M N O P Q R S M N O P Q R S T U V W X Y Z Lagalante, Anthony F. (Anthony F. Lagalante) - Department of Chemistry, Villanova University Latturner, Susan (Susan Latturner) - Department of Chemistry and Biochemistry, Florida State University Laude, David A.(David A.Laude).- Department of Chemistry and Biochemistry, University of Texas at Austin Lawson, Catherine L. (Catherine L. Lawson) - Department of Chemistry and Chemical Biology, Rutgers University Lazaridis, Themis (Themis Lazaridis) - Department of Chemistry, City College, City University of New York Le Roy, Robert J. (Robert J. Le Roy) - Department of Chemistry, University of Waterloo Leatherbarrow, Robin J. (Robin J. Leatherbarrow) - Department of Chemistry, Imperial College, London Lectka, Thomas (Thomas Lectka) - Department of Chemistry, Johns

125

Chemistry Central Journal Commentary Chemical physics: The standing of a mature discipline  

E-Print Network (OSTI)

This is an Open Access article distributed under the terms of the Creative Commons Attribution License

Eduardo A Castro; Eduardo A Castro

2007-01-01T23:59:59.000Z

126

2011 Dynamics at Surfaces Gordon Research Conference (August 7-12, 2011, Salve Regina University, Newport, Rhode Island)  

SciTech Connect

The 2011 Gordon Conference on Dynamics at Surfaces is the 32nd anniversary of a meeting held every two years that is attended by leading researchers in the area of experimental and theoretical dynamics at liquid and solid surfaces. The conference focuses on the dynamics of the interaction of molecules with either liquid or solid surfaces, the dynamics of the outermost layer of liquid and solid surfaces and the dynamics at the liquid-solid interface. Specific topics that are featured include state-to-state scattering dynamics, chemical reaction dynamics, non-adiabatic effects in reactive and inelastic scattering of molecules from surfaces, single molecule dynamics at surfaces, surface photochemistry, ultrafast dynamics at surfaces, and dynamics at water interfaces. The conference brings together investigators from a variety of scientific disciplines including chemistry, physics, materials science, geology, biophysics, and astronomy.

Greg Sitz

2011-08-12T23:59:59.000Z

127

ALS Chemistry Lab  

NLE Websites -- All DOE Office Websites (Extended Search)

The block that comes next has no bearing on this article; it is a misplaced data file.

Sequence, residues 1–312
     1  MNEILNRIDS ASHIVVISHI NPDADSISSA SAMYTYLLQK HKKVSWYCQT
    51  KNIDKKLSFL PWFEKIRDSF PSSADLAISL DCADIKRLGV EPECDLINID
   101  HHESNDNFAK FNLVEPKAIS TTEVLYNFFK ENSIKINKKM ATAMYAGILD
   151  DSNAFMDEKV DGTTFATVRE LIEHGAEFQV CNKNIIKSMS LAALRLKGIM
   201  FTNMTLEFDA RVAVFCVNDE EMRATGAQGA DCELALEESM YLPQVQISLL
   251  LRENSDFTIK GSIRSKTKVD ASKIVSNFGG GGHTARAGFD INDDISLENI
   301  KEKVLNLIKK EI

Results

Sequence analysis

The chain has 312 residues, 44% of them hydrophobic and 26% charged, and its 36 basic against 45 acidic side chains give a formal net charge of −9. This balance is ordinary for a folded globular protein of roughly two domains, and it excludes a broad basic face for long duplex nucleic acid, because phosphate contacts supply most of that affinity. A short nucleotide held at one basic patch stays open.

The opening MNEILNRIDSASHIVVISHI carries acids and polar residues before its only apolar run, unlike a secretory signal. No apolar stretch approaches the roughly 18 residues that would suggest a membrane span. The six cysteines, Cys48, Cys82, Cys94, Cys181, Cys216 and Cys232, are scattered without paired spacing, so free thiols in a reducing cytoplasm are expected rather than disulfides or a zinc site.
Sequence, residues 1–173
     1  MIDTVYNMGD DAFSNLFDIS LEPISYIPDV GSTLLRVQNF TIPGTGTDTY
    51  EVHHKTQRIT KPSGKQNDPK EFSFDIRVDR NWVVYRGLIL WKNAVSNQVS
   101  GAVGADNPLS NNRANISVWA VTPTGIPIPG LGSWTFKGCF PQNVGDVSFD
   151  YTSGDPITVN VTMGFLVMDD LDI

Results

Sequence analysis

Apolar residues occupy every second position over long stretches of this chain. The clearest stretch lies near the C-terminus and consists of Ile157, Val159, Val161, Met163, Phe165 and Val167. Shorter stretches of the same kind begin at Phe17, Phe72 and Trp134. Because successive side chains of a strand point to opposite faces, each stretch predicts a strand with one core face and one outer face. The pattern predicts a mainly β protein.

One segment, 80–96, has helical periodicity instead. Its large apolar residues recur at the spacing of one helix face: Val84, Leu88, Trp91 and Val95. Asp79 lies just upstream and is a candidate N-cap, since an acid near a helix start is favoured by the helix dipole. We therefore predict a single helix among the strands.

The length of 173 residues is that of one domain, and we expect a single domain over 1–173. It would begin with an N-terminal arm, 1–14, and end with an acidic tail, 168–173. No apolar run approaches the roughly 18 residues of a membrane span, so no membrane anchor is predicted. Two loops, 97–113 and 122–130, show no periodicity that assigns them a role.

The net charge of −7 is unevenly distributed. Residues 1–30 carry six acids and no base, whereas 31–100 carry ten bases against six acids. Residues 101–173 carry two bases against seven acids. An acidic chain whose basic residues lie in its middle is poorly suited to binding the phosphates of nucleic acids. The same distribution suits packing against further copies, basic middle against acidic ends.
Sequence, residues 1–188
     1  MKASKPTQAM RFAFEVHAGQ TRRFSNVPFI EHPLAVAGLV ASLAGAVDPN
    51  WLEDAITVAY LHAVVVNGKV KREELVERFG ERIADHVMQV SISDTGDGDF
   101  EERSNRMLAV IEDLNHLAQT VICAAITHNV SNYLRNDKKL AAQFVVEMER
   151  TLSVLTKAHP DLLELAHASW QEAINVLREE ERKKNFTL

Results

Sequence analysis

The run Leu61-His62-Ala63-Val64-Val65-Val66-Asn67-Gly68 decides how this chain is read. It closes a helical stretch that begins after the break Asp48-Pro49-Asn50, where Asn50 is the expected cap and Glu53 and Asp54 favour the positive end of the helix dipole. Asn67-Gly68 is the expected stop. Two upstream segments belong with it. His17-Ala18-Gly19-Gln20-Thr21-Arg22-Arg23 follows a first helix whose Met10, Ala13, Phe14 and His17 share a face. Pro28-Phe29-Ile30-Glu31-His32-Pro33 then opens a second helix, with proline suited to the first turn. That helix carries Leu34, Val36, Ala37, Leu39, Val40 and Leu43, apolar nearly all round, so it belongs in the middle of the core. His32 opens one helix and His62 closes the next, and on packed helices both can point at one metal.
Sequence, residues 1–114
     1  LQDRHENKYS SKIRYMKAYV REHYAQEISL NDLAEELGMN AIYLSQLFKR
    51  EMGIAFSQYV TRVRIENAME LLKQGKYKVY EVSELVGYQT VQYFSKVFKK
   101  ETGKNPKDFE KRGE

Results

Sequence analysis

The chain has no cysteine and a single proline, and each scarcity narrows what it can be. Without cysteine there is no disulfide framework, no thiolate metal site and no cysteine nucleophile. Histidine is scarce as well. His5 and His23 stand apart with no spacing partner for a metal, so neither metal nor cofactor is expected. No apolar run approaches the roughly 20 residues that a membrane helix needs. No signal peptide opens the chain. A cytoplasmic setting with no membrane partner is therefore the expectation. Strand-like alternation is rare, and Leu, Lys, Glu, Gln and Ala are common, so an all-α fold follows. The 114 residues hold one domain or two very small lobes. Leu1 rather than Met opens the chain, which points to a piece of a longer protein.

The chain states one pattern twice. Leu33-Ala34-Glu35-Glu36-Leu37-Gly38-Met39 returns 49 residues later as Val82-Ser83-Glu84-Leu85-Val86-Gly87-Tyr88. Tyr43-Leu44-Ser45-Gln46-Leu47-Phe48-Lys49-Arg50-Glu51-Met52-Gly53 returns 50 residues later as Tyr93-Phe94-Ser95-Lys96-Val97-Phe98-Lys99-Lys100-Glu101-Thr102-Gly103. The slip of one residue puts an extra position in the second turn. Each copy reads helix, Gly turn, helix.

ALS Chemistry Lab Print ALS Chemistry Labs The ALS Chemistry Labs are located in the User Support Building (15-130) and in Building 6 (6-2233)*. These spaces are dedicated for...

128

ALS Chemistry Lab  

NLE Websites -- All DOE Office Websites (Extended Search)

Chemistry Lab Print ALS Chemistry Labs The ALS Chemistry Labs are located in the User Support Building (15-130) and in Building 6 (6-2233)*. These spaces are dedicated for...

129

MILESTONES IN SOIL CHEMISTRY Donald L. Sparks  

E-Print Network (OSTI)

MILESTONES IN SOIL CHEMISTRY Donald L. Sparks An array of pioneering research, dealing with various aspects of soil chemistry, has appeared in Soil Science for the past 90 years. In this review, two papers others that he published in Soil Science established the importance of variable or pH- dependent surface

Sparks, Donald L.

130

Chemistry Applications at NERSC  

NLE Websites -- All DOE Office Websites (Extended Search)

Chemistry Chemistry Applications Gaussian 09 Gaussian 09 is a connected series of programs for performing semi-empirical, density functional theory and ab initio molecular orbital...

131

Chemistry Department Seminar Schedule  

NLE Websites -- All DOE Office Websites (Extended Search)

Chemistry Department Seminar Schedule Hamilton Seminar Room, Bldg. 555 This page shows future Chemistry Department seminars and those that have taken place within the past six...

132

Green Chemistry and Workers  

E-Print Network (OSTI)

19. P. Anastas, J. Warner. 1998. Green Chemistry: Theory andto Advance New Science, Green Chemistry and EnvironmentalChronicle Extra: Guide to Green Jobs. Field with a Future.

2009-01-01T23:59:59.000Z

133

Browse by Discipline -- E-print Network Subject Pathways: Geosciences --  

Office of Scientific and Technical Information (OSTI)

Z Z Zachariah, Michael R. (Michael R. Zachariah) - Departments of Chemistry & Mechanical Engineering, University of Minnesota Zakarian, Armen (Armen Zakarian) - Department of Chemistry and Biochemistry, Florida State University Zare, Richard N. (Richard N. Zare) - Department of Chemistry, Stanford University Zargarian, Davit (Davit Zargarian) - Département de Chimie, Université de Montréal Zeiri, Yehuda (Yehuda Zeiri) - Institute of Chemistry, Hebrew University of Jerusalem Zewail, Ahmed (Ahmed Zewail) - Arthur Amos Noyes Laboratory of Chemical Physics, California Institute of Technology Zhang, John Z.H. (John Z.H. Zhang) - Department of Chemistry, New York University Zhang, Qi (Qi Zhang) - Atmospheric Science Research Center, State University of New York, Albany,

134

Applied Health Technology – a New Research Discipline at Blekinge Institute of Technology.  

E-Print Network (OSTI)

??Since spring 2008 is Applied Health Technology a new research discipline at Blekinge Institute of Technology. The discipline has been developed in collaboration between the… (more)

Olander, Ewy

2009-01-01T23:59:59.000Z

135

Browse by Discipline -- E-print Network Subject Pathways: Geosciences --  

Office of Scientific and Technical Information (OSTI)